I wanted to make another pair quickly before I forgot the process, so I went to good ol’ Ravelry and found this freebie pattern:  As the design calls for worsted yarn and chunkier needles than the first sock pattern I attempted, they worked up more quickly. The only hiccup was grafting the toe – this time I tried the proper Kitchener stitch instead of the crocheted graft I used before. The only thing I would change if I made these socks again would be to use a different sized needle for the cuff: the pattern called for 2.25mm needles compared to 2.75 for the rest of the sock, but I reckon I would either use the same size as the main body, or 2.5mm if I went smaller for the cuff, as I thought 2.25mm was a teeny bit on the tight side..


Cuff down socks: Seersucker stitch and Rye Pattern

I then decided I wanted to try a toe up sock pattern, and went for a basic pattern from the book Socks From The Toe Up by Wendy D Johnson. But I made a couple of idiotic decisions. To begin with, the pattern specified 2mm needles – eek! Titchy takes too long! And the yarn I chose was not great for the ripping back which is inevitable when learning  new techniques (i.e. Turkish cast on, fleegle heel and I was rusty on M1 increases). The yarn in question was Debbie Bliss Rialto Luxury Sock. It has a haze, and this tends to catch on itself when ripping back, especially as 2mm needles create small stitches which knot up easily. Eventually I reached the leg of the first sock and managed to accidentally break the yarn (even though I was doing plain stocking stitch at that point, my brain sometimes rebels at repetitiveness, and I did something wrong, so had to unravel..) At which point I got so exasperated, I lost the will to continue, and decided that pattern in this yarn on those needles was too much trouble! So I went large again. Far more sensible to learn on chunkier yarn and thicker needles. The pattern was another freeby from Ravelry and it went a lot more smoothly.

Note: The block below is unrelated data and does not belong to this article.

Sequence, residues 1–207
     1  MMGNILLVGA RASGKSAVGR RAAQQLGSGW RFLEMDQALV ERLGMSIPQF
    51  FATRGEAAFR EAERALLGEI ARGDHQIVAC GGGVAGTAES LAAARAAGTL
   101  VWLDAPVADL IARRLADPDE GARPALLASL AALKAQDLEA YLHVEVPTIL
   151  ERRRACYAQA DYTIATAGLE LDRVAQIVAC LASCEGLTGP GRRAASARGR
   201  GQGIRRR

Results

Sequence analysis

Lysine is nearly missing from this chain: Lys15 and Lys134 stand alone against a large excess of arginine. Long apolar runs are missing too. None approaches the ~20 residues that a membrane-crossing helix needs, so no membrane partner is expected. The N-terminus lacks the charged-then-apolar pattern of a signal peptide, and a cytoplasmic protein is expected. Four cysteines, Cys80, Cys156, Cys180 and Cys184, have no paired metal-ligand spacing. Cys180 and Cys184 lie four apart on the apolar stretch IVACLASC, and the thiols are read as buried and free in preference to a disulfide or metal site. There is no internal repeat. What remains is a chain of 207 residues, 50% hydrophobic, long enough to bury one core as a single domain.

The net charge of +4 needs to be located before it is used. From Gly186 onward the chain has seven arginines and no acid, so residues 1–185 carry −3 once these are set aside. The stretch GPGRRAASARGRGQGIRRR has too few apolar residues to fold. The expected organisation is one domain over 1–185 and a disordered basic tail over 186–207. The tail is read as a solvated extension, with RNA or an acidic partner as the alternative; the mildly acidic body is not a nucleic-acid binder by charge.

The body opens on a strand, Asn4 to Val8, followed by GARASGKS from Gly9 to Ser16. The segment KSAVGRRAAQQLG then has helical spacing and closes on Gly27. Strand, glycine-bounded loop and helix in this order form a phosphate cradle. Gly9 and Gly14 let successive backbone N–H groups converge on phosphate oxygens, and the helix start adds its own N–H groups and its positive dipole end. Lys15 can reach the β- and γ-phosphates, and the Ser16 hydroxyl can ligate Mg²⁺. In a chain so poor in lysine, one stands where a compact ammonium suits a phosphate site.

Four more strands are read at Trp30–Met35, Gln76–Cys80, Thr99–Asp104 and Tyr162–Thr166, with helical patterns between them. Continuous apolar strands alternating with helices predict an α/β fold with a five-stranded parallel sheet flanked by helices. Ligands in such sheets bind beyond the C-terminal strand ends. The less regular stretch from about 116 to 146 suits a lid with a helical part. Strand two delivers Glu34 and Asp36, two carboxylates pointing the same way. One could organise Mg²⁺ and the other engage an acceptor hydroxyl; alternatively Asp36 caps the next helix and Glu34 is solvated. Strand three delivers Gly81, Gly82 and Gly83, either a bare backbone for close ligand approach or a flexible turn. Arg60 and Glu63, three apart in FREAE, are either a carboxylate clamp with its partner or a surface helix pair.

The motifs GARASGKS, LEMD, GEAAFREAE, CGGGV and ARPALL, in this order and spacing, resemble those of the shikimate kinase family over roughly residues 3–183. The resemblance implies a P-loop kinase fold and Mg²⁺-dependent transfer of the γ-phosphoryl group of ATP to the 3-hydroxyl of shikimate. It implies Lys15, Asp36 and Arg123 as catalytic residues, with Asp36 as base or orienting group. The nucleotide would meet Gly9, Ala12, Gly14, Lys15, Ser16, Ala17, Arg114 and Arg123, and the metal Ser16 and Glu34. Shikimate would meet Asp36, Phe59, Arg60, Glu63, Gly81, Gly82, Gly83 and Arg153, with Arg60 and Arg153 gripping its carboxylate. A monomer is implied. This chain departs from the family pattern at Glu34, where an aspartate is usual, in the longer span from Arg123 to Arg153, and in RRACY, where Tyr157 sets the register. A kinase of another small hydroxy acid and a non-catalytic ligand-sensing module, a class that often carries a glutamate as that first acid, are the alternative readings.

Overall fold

Toe up socks

By then I had thought of a title for this blog post I wanted to write so I knew I wanted to make another pair of cuff down socks. I thought I’d have a go a go at designing my own sock. I’d seen several stitch patterns I liked and I opted for the Seersucker stitch, which was written for flat knitting but was easy enough to convert to circular knitting. I had to look up what a seersucker was – sounds like some sort of leech to me! But it actually means “a lightweight fabric with a crimped or puckered surface”. In green yarn, it brings to mind dragon scales..

The final test is how comfy they are in my gardening boots and, of course, if I can wash them without shrinking them. Dusters anyone..?